Maruti Suzuki unveils global models at Auto Expo 2014
Maruti Suzuki India Limited unveiled global models Concept Ciaz and SX4 S-Cross on Wednesday at Auto Expo 2014 to enhance its position in the bigger sedan segment and boost its sales in the face of growing foreign competition.
Foreign companies showing cars at the Delhi auto show, starting on Wednesday, have already poured billions of dollars into factories, product development and marketing in India's once-booming car market.
Maruti, founded in Gurgaon, outside New Delhi in 1982, accounts for nearly one in two new cars sold in India.
Though it has drawn on the small-car knowhow of Japan's Suzuki Motor Corp, its majority shareholder, Maruti, is seen as so home-grown that in the 1980s, the word "Maruti" was used generically to mean any car.
The executive vice president, Suzuki Motor Corporation, Toshihiro Suzuki, said new models have been designed to meet the varied requirements of discerning customers around the world.
"In 2004, we launched our first global third model, the Iconic Swift. The two cars that we are unveiling today are following the same footsteps. They are models designed to meet the varied requirements of discerning customers around the world," said Suzuki.
The new modes designed by the company aimed to meet the growing demand of sedans in India, China and elsewhere.
The company had registered sales of around 10.6 lakh units in the domestic market in 2012-13.
The Managing Director and Chief Executive Officer of Maruti Suzuki India Limited, Kenichi Ayukawa said that the company has sold 12 million vehicles but it covered only one per cent of the country.
"In these three decades, we have made and sold over 12 million vehicles and yet we have covered only one percent of this country. Our journey has just only begun. There is other 99 percent of India that we have to reach out to," said Ayukawa.
As economic torpor suffocates the demand for new cars in India's megacities, incomes are growing faster in small towns and country areas.
Standing firmly in the way are strong home-grown brands. With local services plentiful and repairs cheap, Maruti Suzuki India Ltd, Mahindra and Mahindra Ltd, and Tata Motors Ltd dominate the rural vehicle market where foreign automakers are seen as expensive and distant.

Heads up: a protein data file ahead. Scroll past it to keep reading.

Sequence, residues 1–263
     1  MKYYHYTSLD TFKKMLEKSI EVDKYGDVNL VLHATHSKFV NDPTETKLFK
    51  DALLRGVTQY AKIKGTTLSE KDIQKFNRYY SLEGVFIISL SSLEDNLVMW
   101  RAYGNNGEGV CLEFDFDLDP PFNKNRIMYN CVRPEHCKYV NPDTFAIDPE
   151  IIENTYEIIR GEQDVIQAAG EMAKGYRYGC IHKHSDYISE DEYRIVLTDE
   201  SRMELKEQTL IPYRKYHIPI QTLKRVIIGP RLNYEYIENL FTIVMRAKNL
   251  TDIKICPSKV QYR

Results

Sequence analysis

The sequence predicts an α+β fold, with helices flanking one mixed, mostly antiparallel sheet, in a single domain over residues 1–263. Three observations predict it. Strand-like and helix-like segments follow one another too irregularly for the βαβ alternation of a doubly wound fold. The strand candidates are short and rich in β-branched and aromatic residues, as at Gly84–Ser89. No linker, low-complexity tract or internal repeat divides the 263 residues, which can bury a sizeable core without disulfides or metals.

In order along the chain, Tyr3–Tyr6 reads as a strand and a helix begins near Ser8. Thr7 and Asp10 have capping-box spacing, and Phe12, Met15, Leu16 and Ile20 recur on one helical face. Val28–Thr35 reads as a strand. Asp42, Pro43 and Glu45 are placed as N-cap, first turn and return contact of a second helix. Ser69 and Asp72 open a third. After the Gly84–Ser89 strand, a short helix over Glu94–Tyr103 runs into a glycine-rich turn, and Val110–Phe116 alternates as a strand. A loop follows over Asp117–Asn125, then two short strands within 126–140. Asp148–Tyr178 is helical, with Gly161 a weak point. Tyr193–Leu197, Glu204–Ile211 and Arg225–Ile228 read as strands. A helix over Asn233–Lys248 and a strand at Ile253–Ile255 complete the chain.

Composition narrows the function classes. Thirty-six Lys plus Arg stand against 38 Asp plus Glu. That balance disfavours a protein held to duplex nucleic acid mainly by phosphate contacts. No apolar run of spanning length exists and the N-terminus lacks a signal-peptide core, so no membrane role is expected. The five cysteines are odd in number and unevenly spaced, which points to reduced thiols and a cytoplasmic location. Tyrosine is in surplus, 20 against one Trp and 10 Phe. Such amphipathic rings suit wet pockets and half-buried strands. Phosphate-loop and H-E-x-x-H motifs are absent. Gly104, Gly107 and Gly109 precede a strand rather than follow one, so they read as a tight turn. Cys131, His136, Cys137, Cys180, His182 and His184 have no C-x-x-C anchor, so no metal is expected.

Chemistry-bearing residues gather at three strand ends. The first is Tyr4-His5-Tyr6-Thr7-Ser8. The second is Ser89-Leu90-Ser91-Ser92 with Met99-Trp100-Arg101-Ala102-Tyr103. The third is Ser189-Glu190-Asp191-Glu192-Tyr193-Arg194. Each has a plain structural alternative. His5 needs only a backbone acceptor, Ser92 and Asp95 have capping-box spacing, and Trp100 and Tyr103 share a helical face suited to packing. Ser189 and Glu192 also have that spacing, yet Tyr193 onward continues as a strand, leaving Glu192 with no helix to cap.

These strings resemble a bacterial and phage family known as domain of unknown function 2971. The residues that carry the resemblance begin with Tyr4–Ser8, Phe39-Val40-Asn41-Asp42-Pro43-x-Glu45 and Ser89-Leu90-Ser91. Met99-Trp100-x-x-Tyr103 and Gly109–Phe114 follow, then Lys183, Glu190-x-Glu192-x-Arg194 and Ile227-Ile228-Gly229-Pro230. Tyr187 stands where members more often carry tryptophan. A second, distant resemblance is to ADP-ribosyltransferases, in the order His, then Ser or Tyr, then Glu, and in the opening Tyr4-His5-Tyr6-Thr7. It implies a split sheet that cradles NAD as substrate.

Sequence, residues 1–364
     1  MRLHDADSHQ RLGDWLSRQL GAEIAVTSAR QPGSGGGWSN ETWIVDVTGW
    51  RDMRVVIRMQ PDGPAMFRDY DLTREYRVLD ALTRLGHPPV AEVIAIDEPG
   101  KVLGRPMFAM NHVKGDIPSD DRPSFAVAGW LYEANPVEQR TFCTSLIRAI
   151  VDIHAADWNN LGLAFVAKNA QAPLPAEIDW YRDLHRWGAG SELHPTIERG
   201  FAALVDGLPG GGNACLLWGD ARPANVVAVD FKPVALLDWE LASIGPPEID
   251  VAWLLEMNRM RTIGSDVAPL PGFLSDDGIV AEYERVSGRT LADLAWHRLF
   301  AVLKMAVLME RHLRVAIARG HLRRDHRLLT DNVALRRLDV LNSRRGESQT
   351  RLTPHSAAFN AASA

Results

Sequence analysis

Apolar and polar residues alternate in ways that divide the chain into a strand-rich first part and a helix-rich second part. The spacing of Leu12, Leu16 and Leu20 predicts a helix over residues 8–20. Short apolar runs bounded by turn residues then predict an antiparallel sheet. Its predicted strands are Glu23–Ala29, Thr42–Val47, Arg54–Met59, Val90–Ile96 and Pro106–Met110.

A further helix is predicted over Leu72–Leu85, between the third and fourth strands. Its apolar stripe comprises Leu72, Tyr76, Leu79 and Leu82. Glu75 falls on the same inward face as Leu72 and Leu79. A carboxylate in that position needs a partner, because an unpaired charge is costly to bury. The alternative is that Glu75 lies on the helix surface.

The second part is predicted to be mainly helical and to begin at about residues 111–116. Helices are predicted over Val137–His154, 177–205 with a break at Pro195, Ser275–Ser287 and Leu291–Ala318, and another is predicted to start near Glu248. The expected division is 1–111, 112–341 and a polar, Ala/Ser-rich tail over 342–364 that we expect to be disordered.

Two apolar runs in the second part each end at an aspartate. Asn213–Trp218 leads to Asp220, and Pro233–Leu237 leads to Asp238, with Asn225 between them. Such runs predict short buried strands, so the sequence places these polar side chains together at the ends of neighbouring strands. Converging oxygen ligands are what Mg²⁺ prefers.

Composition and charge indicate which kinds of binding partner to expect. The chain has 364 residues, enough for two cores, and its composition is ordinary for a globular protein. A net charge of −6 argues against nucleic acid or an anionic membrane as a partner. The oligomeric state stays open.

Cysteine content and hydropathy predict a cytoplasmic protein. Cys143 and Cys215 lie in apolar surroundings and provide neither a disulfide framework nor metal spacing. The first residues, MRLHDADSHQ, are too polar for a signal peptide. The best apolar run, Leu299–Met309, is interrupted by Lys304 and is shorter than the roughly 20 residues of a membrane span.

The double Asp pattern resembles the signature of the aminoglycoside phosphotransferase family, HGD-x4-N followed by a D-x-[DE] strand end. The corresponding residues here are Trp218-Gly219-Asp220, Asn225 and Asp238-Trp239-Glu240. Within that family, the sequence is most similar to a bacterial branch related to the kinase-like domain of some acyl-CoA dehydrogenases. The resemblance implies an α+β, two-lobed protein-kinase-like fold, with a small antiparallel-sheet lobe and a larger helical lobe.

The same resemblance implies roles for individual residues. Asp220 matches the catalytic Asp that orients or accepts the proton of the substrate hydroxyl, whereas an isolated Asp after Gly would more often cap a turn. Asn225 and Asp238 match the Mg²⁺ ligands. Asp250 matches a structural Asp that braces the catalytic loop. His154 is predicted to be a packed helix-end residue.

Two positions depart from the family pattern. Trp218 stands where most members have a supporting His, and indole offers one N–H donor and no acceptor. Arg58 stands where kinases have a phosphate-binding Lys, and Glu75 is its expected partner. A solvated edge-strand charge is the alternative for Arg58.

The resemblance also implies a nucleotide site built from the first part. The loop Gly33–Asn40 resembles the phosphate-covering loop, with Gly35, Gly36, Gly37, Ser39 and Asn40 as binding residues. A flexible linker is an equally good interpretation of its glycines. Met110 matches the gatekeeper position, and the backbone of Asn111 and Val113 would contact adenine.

Ayukawa also said that the company aimed to reach out to more villages this year.
"We have grown impressively in rural sales. We will touch 100, 000 villages this year but there is another half million to go. We will set up our sales network to reach out to these areas," Ayukawa also said.
On narrow rural roads, Suzuki's inexpensive small cars jostle for space with Mahindra's sturdy utility vehicles, tractors, motorbikes and bullock carts, with foreign models scarce. Spare parts, including fakes, are cheap and ubiquitous, and mechanics everywhere can fix a Maruti, keeping maintenance costs down.
Maruti's deep rural penetration has helped it defend its market share amid the industry's two-year downturn. That's despite the onslaught of new models launched by foreign rivals.
Car makers see success in rural areas as vital, as slow economic growth, high interest rates and rising fuel prices mean overall sales are headed for their second straight year of decline. Though the need for rural sales has been recognised, success could yet prove illusory.
India's is the sixth largest car market, pertaining to its emerging middle class and large population.
Small cars are top sellers in a country where most people prefer to drive cheaper, fuel-efficient compact cars as roads are clogged with traffic and parking in big cities is hard to come by.
(Posted on 06-02-2014)
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